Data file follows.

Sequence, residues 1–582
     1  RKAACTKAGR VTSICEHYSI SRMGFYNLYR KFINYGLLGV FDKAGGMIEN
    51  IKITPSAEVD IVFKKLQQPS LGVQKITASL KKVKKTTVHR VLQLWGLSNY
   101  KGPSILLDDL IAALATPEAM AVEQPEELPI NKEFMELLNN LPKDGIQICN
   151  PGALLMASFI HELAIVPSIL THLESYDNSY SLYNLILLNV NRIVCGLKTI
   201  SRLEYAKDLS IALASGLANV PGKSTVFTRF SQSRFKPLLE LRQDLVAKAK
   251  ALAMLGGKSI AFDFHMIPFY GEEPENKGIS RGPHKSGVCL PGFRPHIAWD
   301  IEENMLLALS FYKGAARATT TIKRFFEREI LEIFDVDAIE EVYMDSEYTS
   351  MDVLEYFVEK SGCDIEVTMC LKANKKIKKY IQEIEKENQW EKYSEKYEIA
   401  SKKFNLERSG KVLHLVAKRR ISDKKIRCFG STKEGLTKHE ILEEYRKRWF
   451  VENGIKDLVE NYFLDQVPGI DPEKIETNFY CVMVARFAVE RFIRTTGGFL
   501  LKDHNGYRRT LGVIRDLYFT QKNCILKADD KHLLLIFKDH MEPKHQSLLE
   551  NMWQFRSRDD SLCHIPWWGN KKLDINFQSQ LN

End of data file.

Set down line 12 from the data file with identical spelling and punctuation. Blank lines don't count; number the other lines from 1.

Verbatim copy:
   501  LKDHNGYRRT LGVIRDLYFT QKNCILKADD KHLLLIFKDH MEPKHQSLLE